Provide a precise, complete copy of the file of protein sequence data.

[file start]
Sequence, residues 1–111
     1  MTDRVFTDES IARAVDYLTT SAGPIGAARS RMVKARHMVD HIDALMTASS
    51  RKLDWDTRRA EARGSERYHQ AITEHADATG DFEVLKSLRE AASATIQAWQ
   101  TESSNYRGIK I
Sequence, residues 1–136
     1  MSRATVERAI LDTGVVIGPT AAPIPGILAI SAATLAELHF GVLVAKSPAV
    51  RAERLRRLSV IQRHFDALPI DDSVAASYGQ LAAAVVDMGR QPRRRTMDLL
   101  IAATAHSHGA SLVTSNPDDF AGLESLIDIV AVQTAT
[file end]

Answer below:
Sequence, residues 1–111
     1  MTDRVFTDES IARAVDYLTT SAGPIGAARS RMVKARHMVD HIDALMTASS
    51  RKLDWDTRRA EARGSERYHQ AITEHADATG DFEVLKSLRE AASATIQAWQ
   101  TESSNYRGIK I
Sequence, residues 1–136
     1  MSRATVERAI LDTGVVIGPT AAPIPGILAI SAATLAELHF GVLVAKSPAV
    51  RAERLRRLSV IQRHFDALPI DDSVAASYGQ LAAAVVDMGR QPRRRTMDLL
   101  IAATAHSHGA SLVTSNPDDF AGLESLIDIV AVQTAT